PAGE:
The People’s Republic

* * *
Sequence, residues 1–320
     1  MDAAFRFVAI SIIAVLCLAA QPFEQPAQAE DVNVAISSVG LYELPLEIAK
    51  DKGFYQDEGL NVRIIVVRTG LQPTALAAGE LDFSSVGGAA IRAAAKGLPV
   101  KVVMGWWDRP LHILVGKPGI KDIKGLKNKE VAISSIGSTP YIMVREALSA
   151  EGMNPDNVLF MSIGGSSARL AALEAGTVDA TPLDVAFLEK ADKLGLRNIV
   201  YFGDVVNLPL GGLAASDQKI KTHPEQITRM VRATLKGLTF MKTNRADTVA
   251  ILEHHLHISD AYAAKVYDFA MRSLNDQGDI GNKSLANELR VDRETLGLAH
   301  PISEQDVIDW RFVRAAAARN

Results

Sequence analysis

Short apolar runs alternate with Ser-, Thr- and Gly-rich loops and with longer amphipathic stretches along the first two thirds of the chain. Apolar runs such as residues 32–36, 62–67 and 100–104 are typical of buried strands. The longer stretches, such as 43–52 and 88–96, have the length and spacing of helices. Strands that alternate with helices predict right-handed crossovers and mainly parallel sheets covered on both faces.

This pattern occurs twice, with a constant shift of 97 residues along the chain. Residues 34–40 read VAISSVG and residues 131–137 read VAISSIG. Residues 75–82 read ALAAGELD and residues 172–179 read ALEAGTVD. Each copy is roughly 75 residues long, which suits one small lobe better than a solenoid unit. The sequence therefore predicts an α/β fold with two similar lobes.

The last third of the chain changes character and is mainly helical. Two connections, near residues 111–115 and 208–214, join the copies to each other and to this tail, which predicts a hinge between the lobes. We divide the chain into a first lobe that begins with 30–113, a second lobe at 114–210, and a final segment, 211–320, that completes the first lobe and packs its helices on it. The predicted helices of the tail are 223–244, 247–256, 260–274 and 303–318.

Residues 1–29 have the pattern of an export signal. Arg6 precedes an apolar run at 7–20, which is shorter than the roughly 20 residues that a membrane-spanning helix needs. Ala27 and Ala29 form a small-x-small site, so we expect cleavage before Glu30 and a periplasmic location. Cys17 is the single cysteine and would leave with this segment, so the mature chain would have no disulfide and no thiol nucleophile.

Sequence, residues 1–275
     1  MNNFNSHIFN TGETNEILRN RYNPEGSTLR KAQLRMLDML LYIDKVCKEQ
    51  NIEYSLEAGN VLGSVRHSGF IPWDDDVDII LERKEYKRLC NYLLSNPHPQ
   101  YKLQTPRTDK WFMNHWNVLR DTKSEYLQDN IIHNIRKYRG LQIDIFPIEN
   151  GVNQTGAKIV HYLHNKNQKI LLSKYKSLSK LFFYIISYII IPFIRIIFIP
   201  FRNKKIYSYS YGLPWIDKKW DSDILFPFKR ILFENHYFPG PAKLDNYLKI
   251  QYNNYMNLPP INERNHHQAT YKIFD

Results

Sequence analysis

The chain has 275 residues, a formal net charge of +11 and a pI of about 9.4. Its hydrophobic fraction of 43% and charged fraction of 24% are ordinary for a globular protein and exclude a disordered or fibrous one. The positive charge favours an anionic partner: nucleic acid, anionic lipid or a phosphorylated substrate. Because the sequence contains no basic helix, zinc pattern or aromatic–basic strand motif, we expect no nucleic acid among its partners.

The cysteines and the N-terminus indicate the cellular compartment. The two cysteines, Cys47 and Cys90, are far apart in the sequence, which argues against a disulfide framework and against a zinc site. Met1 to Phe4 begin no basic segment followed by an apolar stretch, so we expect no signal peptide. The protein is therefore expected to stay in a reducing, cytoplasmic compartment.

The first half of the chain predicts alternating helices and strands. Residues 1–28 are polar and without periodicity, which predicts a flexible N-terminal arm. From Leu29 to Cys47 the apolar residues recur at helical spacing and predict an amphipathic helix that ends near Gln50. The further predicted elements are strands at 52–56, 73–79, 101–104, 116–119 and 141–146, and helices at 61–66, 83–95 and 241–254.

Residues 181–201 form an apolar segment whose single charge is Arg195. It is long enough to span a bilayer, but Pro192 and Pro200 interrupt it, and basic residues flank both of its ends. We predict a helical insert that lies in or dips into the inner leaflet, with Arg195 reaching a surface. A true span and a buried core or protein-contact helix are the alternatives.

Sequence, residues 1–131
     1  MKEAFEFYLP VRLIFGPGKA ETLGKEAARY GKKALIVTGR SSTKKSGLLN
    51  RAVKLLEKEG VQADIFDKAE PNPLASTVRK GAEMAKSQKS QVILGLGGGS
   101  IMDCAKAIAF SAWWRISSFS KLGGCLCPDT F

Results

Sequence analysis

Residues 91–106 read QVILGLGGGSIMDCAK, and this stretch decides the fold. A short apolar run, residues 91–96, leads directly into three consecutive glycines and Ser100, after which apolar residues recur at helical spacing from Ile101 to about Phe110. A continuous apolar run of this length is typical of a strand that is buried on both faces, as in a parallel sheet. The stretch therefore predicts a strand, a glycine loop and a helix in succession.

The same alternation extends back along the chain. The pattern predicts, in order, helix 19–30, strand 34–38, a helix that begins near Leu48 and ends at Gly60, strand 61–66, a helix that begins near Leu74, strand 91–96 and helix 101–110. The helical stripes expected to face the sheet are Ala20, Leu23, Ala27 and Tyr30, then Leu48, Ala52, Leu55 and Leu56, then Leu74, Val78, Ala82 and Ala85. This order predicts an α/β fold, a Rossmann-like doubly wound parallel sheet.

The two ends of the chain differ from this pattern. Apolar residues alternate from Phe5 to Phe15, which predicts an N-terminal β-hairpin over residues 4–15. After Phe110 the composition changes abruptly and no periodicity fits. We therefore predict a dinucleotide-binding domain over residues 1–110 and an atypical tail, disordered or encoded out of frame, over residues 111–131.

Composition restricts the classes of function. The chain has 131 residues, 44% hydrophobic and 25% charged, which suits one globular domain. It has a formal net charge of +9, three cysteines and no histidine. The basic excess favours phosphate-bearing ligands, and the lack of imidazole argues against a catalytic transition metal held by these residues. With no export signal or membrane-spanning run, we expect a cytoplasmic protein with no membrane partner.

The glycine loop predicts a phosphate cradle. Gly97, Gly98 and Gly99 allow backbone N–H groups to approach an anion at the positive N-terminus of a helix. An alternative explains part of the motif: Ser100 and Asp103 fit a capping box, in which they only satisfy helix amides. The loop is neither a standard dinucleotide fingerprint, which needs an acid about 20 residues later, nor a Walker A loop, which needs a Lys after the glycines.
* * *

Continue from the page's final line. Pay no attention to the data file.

“It’s a long way from L.A. to Denver,It’s a long time to hang in the sky,It’s a long way home to Starwood in Aspen,A sweet Rocky Mountain lullaby.”– John DenverI gotta say, John’s not kidding. It seems like a long, long time ago (in a ski resort far, far away) that I hopped in my car and decided to head to Aspen for a weekend of heavy “research” into that town’s storied nightlife. Now I’m stuck on Killer 82, sitting sore-assed in the driver’s seat of my ’92 Jeep, already feeling broke and inadequate in a line of $40,000-plus vehicles, and I’m still miles away from Johnny D’s happy little Starwood fortress.But all is not lost. After a few more hours of navigating hair-pin turns and gazing down at upturned vehicles in the creek, I begin to see the signs of Aspenization: a tall woman walking a sweatered Shitzu puppy, a man in a beret screaming about “presentation” in front of a minimalist gallery, and an SUV limo complete with a ski rack. When my nostrils catch the faint smell of patchouli floating through the mountain air, I know I’ve arrived.”Boyd,” I say to myself, “Welcome to the People’s Republic of Aspen.”I love this town. I always get a first-hand look at all the quaint boutiques while I search endlessly for a parking space. I make left turn after left turn after left turn, and I practice trying to talk like a liberal until I finally find a parking space near evening.Still spinning, I look up and OH MY GOD, I’M IN LOS ANGELES!Wait a minute, calm down, this is just Aspen’s walking mall, paved with skateboard-proof bricks and lined with shops that can’t possibly pull a profit, but no one seems to care in the land of $17 million homes and $2,000-a-night hotel rooms.Ya know, Johnny D., I think the distance between L.A. and Starwood isn’t quite as much as you thought.Well, no use wasting time. I’m here for beer and that’s clear somebody’s got to get the heart of the Aspen scene, delve deep into its notorious nightlife and find out what this place is all about.A small cigar, the hint of a British accent and one hour later I know what Aspen is about: STATUS. I’ve got five women convinced I’m a writer for Town and Country doing a piece on the refractory nature of Aspen moonlight when it strikes gold-leaf jewelry. And that’s when it hits me: if you hold up something sparkly and expensive in this town, be careful you’re bound to be mobbed by a gang of 40-something divorcees.I’m fending off wrinkled-lipstick kisses when it occurs to me that Aspen’s slopes are always wide open and empty because no one in town actually skis most people are just visiting long enough so they can buy something expensive, return to Hollywood and casually recite this sentence to their friends: “Oh, that little thing? That’s just something I picked up when Henry and I were in Aspen.”So, as a male under the age of 60, I’m having a hard time finding girls from my generation, let alone my tax bracket. I’m about to ask Sven the bartender (whose real name is Jeff) if he serves anything besides dirty martinis, when one of my divorcee suitors tells me Vail is polluted.”Yes, quite,” I say (complete with Hugh Grant accent). “Interstate 70 is a brute, don’t you think?””Oh no, darling,” she says. “I’m talking about all that rabble from the Front Range.”My god, where are all the real people?OK, new approach: I ditch the divorcees, ditch the accent, ditch the turtleneck sweater and toss the cigar into the mandatory bear-proof save-the-earth compost receptacles that are placed every 15 feet, according to People’s Republic mandate. Armed (this time) with a baggie full of tarragon and a hand-knit hemp hairnet, I walk the streets till I smell the olfactory emanations of Rasta Practitioners, which is immediately because, hey, this is Aspen.I head right for that skunky smell, following the trail into the slurring jaw of Hunter S. Thompson, who is apparently doing an Ozzy Ozbourne impression from Inebriate’s Gazebo at Paepcke Park’s famous Feb. 1 peace rally. Looking up at the legendary Hunter S., and surrounded by hundreds of Boulder and Aspen’s crme-of-the-crop, stinkiest-of-the-stinkiest hippies, I am struck by a vision (no doubt enhanced by a growing contact high): Imagine if we took the entire Aspen/Boulder hippie population, led by the circular-flowing-love-rebel genius Hunter S. Thompson, and sent them on a mission to smell every tulip in France while the rest of us continued our lives in the real world.Actually, I love peace. And you’ve got to appreciate the humor of Aspen’s peace-rally brigade: “Make turns, not war! The only Bush I trust is my own!” And here’s a blunt little gem, scribbled on a T-shirt by a wild, blond-haired kid: “Make meth, not war!”Sick of meth and disenchanted by Hunter’s very high Wild-Turkey-to-audible-word ratio, I give the hemp hairnet to a homeless guy.Well, he looks homeless to me until he hops in his Hummer H2 and heads home to Snowmass. I should have asked for a ride to the Double Diamond, but it’s no worries everything in Aspen is within walking distance (except, of course, Aspen Highlands, Buttermilk, and Snowmass).At the D.D., I find a bastion of good times. Budweisers are available for a mere $9.95 (but I’m used to that), and the tiered decks at the D.D. make for one of the finest places in Colorado to go to a show. Only one problem: the floor doesn’t bounce, and I pine for the one-of-a-kind 8150 hop.Later, it’s a quick dive to Grotto’s, where the guy-to-girl ratio reminds me of home: 814 guys to one girl. I wait in line to hit on her, and when I get my turn, I’m happy to find that she didn’t vote in the Carter election and she’s actually been on a chairlift before. She does, however, have the ability to bench 190 pounds and crush a walnut in the crease of her hairlip.Impressive.But not for me.No, when a hangover welcomes me to another Colorado morning I am, alas, without a lass. Sprawled on a hallway couch of an unidentified mountainside lodge, it occurs to me that Vail and Aspen have quite a bit in common (the fine leather hallway couches, for example). And also the feeling that everyone here is living hard for just one more night, week, month or year before being forced to head home to the dreaded real world, to L.A. or Cleveland or New York or Baltimore, to a place where mountains and snow don’t set the backdrop for a nightly Dionysian drama of wealth and excess, to boredom, to doldrums and the everyday world.Since I’m an old pro at the mountain nightlife, I’m happy to say I didn’t do anything beyond regret. No, I navigated the surly seas of debauchery with a cherub’s heart, and no clever Cupid smote me with a disfigured arrow.Or so I think until I hear the creaking door of a hotel room and not one, but two voices in unison: one tart, one slurry.”Tommy, my love, break time is over.”I look up from my recliner and there they are, the hairlip and the divorcee. I hide my panic, check my pocket for the car keys, and smile up at them as I plan my escape. It’s simple: as soon as I get the divorcee to loan me $45 bucks for parking I’ll be able to hit the road.And nothing could be better because I can honestly say, at times like these, that I love my home town of Vail.Tom Boyd is a lifelong Vail local and assistant editor at The Vail Trail. He can be reached at (970) 390-1585, or firstname.lastname@example.org.